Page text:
Saturday, December 03, 2016

The Dirty Truth About Obamacare

Obamacare is so messy and troubled, even President Obama doesn't like Obamacare. He can't admit it publicly, of course, but I'm sure it's the case. And if the man isn't proud of his signature achievement, that pretty much means he must be the worst president ever...right?

Nope. The unpleasant but inescapable fact is, politics is the art of the possible[6]. The Obama administration decided that tinkering around the edges was the most that could be accomplished. No single-payer, certainly no National Health Service[1][2]. Tinkering around the edges inherently involves what we computer nerds might call "a pile of hacks". It's a miracle it works at all, and it's certainly not pretty, and it is very fragile. That's Obamacare.

We can quibble in hindsight. On the left, many wished for something grander. On the right, many wished for nothing--though they won't admit that now. Because here is the real dirty truth. The American healthcare "system" is hardly a system. It is a Frankenstein monster that was started by accident[3], and continued to grow first because nobody recognized the danger, and then because nobody had the courage to do something. You can't find an economist or public health expert, and hardly a hospital administrator or physician, who has much good to say about it. The system is shot through with flaws, perverse incentives, inefficiencies, false premises and conflicts of interest.

It has been this way my entire adult life (I was born in 1965), and then some. And all that time, a succession of administrations, some Democratic and some Republican, came and went without trying too hard to fix it. On the Democratic side, there were sporadic efforts. The shining exception would be Medicare. It has imperfections[4], but all-in-all, it's a pretty coherent, cost-efficient system that provides effective coverage and care. And of course the Clinton administration tried something grander, but we all know how that turned out.

Mostly, the Republicans did nothing[5]. Other than periodically resorting to the empirically false defense of claiming "America has the best healthcare in the world, [thus it must be worth the cost]". So Obamacare is terribly imperfect, but it is a SOMETHING that is better than the longstanding alternative of NOTHING.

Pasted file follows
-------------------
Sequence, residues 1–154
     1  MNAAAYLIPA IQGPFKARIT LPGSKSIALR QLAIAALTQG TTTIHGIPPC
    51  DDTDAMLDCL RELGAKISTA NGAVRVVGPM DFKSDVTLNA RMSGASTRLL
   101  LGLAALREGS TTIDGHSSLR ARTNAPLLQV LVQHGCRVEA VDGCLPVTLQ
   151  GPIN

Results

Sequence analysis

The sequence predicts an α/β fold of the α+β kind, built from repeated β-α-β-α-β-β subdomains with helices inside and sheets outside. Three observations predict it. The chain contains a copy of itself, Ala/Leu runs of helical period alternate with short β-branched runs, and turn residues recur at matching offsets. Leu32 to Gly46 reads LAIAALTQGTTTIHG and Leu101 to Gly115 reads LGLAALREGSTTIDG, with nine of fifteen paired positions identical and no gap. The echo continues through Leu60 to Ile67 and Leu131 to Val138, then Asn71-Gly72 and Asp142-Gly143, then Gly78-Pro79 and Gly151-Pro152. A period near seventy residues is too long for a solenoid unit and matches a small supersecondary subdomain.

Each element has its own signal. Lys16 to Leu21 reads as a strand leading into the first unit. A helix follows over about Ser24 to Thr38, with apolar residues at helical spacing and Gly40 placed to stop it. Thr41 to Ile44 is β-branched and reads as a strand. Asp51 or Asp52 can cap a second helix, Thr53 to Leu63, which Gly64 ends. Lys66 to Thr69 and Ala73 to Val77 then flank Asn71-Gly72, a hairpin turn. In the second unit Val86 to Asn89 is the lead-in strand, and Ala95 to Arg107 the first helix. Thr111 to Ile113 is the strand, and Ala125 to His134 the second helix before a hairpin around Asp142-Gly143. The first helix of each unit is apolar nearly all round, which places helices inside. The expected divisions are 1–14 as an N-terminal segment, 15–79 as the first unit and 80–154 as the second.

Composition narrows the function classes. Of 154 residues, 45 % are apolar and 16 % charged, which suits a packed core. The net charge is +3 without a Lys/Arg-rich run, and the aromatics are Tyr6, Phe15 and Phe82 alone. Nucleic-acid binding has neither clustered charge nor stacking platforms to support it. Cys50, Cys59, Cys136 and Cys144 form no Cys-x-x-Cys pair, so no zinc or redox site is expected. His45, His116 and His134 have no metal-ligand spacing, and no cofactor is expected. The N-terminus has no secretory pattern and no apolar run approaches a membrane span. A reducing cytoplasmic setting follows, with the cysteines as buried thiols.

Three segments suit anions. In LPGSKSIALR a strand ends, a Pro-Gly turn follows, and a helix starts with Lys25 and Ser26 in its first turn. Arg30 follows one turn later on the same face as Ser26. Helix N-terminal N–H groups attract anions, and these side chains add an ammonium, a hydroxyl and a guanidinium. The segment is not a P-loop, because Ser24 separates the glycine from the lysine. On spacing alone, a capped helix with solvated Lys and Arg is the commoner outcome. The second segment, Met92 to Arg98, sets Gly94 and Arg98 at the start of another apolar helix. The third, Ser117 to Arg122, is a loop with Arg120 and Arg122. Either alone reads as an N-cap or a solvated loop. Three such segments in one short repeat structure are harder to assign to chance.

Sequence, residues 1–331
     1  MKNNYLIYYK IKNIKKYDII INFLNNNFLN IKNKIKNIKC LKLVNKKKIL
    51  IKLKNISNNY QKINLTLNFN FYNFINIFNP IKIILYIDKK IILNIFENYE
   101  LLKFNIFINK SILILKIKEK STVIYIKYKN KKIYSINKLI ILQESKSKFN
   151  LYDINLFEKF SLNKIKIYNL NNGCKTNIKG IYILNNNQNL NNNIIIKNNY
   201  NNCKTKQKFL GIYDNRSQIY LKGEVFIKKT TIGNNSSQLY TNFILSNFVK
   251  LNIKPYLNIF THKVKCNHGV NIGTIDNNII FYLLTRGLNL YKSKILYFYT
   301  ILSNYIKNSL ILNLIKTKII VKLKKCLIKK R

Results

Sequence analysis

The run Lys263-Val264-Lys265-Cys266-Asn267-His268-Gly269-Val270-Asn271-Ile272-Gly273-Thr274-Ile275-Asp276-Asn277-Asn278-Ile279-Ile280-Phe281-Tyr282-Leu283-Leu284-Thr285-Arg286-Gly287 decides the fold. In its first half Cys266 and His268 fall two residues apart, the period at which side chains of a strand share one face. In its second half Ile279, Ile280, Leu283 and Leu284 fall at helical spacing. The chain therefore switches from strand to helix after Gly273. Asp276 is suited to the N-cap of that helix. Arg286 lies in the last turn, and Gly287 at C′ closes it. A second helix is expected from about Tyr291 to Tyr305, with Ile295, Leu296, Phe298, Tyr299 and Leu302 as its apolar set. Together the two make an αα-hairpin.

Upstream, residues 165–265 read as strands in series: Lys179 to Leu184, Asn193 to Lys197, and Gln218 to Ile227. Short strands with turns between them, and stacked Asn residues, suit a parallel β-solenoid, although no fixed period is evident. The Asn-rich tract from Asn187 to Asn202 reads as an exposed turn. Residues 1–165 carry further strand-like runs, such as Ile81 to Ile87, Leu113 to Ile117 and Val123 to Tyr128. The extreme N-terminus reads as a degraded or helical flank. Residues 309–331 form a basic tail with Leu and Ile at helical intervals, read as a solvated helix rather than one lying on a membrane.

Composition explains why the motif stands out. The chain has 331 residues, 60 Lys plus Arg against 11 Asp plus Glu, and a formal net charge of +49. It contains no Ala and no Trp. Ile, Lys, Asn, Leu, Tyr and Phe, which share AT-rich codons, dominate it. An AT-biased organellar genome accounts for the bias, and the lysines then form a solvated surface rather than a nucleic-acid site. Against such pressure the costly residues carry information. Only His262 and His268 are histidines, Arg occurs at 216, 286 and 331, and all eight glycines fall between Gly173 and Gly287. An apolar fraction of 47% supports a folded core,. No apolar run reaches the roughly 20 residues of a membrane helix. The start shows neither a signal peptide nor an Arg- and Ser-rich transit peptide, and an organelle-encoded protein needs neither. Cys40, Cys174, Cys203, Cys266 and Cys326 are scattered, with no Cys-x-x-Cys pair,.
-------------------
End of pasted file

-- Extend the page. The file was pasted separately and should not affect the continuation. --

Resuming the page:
Politics is the art of the possible. A pile of hacks. That's all Obamacare is. At least in Round 1. Because here is the other thing. Incrementalism is like compound interest or regular exercise. Its effects are imperceptible from day-to-day, but over time, it can be transformational.

Thus, I also believe that Obama, thoughtful political scientist and patient human that he is, hoped the initial Affordable Care Act was the start of something bigger. A mere opening move, a means to break the logjam of do-nothing inertia. A program that could be iteratively improved, or perhaps even completely replaced with something much more ambitious. Unfortunately, in calculating the worst case, Obama underestimated the intransigence and tribalism of the contemporary Republican Party Party of Donald Trump.

So unimproved Obamacare is all we get. Not so much, but definitely better than nothing. (To those who couldn't afford health insurance but now can, probably much, much better than nothing.)

While Obama undoubtedly recognizes, and surely deplores grieves, the imperfections of Obamacare, he can rightly take pride in it. And much more pride in the political leadership he provided in enacting it. Obama did what he could to push the the nation forward, and his reward was to incur the wrath of the Party of Donald Trump, and bitter disappointment from the left. As a passionate centrist, and an empiricist, I love Barak Obama more than any president or politician I can think of. I will miss him very much.


NOTES
[1] Single-payer is not synonymous with "socialized medicine". It does not require that the government run the whole system--employer of all healthcare providers and provider of all hospitals and other facilities.

[2] Also, contrary to popular hearsay belief in the U.S., the NHS doesn't actually suck, at all.

[3] Ironically, the seeds were sown largely by misguided government tinkering (WWII wage and price controls) and tax policy (exempting employer-paid premiums from income tax).

[4] Those imperfections are mostly related to under-"reimbursement"--not paying enough for procedures. That is an effect of the coherent sub-system of Medicare trying to exist within the larger Frankenstein system. 

[5] The odd exception of George W. Bush passing Medicare Part D--prescription drug coverage. Making the most functional part of the monster much better, but doing nothing to improve the rest of the system. The political calculus probably being that this would be a very good way to court elderly votes, and since it didn't mess with the overall system, it wouldn't inflame entrenched ideologies and interests.

[6] Clear corollary: any politician who promises "no compromise" should immediately be rejected as a cynical liar, or hopelessly naive.

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